The space shuttle
is the world's first reusable spacecraft, and the first spacecraft
in history that can carry large satellites both to and from orbit.
The shuttle launches like a rocket, maneuvers in Earth orbit like
a spacecraft and lands like an airplane. Each of the three space
shuttle orbiters now in operation -- Discovery, Atlantis and Endeavour
-- is designed to fly at least 100 missions. So far, altogether
they have flown a combined total of slightly more than one-fourth
the first space shuttle orbiter to be delivered to NASA's Kennedy
Space Center, Fla., in March 1979. Columbia and the STS-107 crew
were lost Feb. 1, 2003, during re-entry. The orbiter Challenger
was delivered to KSC in July 1982 and was destroyed in an explosion
during ascent in January 1986. Discovery was delivered in November
1983. Atlantis was delivered in April 1985. Endeavour was built
as a replacement following the Challenger accident and was delivered
to Florida in May 1991. An early space shuttle orbiter, the Enterprise,
never flew in space but was used for approach and landing tests
at the Dryden Flight Research Center and several launch pad studies
in the late 1970s.
shuttle consists of three major components: the orbiter which houses
the crew; a large external fuel tank that holds fuel for the main
engines; and two solid rocket boosters which provide most of the
shuttle's lift during the first two minutes of flight. All of the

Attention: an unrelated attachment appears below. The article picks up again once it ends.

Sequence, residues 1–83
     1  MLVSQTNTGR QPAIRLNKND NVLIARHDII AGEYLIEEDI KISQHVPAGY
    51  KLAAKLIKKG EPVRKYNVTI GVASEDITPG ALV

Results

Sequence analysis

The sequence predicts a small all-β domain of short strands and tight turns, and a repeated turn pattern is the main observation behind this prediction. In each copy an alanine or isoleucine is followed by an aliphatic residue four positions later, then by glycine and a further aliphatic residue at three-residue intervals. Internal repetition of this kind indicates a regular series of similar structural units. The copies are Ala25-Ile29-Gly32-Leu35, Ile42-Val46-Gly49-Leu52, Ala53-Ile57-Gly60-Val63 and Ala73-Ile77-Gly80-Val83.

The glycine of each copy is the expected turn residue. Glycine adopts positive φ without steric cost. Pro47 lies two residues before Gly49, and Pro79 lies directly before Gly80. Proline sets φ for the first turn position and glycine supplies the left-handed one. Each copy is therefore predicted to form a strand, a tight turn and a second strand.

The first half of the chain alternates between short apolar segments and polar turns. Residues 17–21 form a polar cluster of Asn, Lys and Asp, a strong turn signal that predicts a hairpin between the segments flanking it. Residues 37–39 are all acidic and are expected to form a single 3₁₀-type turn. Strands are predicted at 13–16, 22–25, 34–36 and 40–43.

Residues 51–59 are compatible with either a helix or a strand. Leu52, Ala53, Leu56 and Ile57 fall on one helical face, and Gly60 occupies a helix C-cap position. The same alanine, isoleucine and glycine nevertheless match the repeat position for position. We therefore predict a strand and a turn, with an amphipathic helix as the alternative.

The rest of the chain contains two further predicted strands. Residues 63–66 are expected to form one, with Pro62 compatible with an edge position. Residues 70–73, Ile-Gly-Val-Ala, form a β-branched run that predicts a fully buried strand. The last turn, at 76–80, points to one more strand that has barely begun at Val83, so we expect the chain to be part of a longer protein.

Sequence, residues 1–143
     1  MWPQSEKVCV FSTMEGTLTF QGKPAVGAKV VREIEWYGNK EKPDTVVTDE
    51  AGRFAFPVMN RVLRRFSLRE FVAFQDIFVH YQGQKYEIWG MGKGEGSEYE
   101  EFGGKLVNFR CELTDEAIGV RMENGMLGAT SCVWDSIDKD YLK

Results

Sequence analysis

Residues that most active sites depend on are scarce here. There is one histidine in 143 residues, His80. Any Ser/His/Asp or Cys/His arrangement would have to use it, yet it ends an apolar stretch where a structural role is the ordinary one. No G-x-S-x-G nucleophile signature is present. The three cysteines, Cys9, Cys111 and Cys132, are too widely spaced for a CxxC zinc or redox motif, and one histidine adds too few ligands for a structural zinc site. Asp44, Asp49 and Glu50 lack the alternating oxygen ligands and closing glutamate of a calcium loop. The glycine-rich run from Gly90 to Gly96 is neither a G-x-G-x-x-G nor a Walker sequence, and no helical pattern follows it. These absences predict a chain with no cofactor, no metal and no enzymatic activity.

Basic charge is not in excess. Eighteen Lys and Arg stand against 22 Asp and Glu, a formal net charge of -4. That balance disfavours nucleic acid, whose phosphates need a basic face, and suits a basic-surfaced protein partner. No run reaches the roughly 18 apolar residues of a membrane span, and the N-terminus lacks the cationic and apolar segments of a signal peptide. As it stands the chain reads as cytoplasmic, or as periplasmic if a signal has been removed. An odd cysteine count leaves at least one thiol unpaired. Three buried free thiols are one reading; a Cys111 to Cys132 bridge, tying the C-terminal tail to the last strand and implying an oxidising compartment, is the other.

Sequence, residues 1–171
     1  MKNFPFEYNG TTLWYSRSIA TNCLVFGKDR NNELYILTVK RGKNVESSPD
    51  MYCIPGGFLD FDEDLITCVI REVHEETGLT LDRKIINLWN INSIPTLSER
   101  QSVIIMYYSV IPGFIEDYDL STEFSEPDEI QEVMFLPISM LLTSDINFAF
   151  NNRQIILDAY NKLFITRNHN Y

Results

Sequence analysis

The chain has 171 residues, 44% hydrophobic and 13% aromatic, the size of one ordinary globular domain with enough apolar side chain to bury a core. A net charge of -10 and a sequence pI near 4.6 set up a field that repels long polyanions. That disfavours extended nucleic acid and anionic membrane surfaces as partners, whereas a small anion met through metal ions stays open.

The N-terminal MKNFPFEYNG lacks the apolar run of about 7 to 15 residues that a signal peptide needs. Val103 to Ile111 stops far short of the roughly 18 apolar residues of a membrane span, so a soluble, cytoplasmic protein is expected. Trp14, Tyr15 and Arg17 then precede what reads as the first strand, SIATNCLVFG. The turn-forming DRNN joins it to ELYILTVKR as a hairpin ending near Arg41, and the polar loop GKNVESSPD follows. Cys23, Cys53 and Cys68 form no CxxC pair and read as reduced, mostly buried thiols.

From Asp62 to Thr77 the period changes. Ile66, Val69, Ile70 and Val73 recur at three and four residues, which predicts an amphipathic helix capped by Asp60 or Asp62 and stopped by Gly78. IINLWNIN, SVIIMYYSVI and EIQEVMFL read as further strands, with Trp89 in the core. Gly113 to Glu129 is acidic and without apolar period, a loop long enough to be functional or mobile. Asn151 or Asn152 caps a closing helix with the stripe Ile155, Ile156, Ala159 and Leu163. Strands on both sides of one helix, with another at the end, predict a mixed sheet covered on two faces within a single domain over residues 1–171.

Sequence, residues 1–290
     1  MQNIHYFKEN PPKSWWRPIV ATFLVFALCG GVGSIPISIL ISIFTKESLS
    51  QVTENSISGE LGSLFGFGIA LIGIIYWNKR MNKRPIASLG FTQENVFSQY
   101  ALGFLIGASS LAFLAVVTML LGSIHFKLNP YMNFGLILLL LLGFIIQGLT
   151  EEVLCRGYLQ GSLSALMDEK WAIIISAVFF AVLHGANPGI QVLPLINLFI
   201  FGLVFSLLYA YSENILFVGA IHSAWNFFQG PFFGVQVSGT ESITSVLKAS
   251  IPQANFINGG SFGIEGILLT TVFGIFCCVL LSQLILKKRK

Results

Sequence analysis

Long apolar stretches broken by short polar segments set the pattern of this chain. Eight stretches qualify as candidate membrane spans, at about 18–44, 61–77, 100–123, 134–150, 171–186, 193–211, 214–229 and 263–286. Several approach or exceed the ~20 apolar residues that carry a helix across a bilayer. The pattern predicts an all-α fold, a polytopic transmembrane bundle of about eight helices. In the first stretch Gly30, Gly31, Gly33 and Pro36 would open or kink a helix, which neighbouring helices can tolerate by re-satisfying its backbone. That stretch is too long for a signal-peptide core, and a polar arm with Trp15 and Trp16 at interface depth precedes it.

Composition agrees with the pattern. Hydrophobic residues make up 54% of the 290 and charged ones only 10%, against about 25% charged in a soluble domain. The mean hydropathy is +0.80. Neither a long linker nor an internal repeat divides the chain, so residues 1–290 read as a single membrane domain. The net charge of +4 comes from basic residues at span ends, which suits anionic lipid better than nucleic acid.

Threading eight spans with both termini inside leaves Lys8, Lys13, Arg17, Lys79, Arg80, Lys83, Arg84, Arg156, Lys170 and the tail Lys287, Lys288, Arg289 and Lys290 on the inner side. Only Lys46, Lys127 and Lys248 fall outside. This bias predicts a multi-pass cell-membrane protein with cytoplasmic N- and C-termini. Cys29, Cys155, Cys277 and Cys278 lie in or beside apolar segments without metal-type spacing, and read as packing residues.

components are reused except for the external fuel tank, which burns
up in the atmosphere after each launch.
longest the shuttle has stayed in orbit on any single mission is
17.5 days on mission STS-80 in November 1996. Normally, missions
may be planned for anywhere from five to 16 days in duration. The
smallest crew ever to fly on the shuttle numbered two people on
the first few missions. The largest crew numbered eight people.
Normally, crews may range in size from five to seven people. The
shuttle is designed to reach orbits ranging from about 185 kilometers
to 643 kilometers (115 statute miles to 400 statute miles) high.
has the most reliable launch record of any rocket now in operation.
Since 1981, it has boosted more than 1.36 million kilograms (3 million
pounds) of cargo into orbit. More than than 600 crew members have
flown on its missions. Although it has been in operation for more
than 20 years, the shuttle has continually evolved and is significantly
different today than when it first was launched. NASA has made literally
thousands of major and minor modifications to the original design
that have made it safer, more reliable and more capable today than
1992 alone, NASA has made engine and system improvements that are
estimated to have tripled the safety of flying the space shuttle,
and the number of problems experienced while a space shuttle is
in flight has decreased by 70 percent. During the same period, the
cost of operating the shuttle has decreased by one and a quarter
billion dollars annually — a reduction of more than 40 percent.
At the same time, because of weight reductions and other improvements,
the cargo the shuttle can carry has increased by 7.3 metric tons
NASA is prepared
to continue flying the shuttle for at least the next decade and
plans to continue to improve the shuttle during the next five years,
with goals of increasing its safety by improving the highest-risk
components. NASA will also be working to correct the problems identified
by the Columbia Accident Investigation Board during the investigation
of the STS-107 accident.
and operating the space shuttle, NASA holds the safety of the crew
as its highest priority.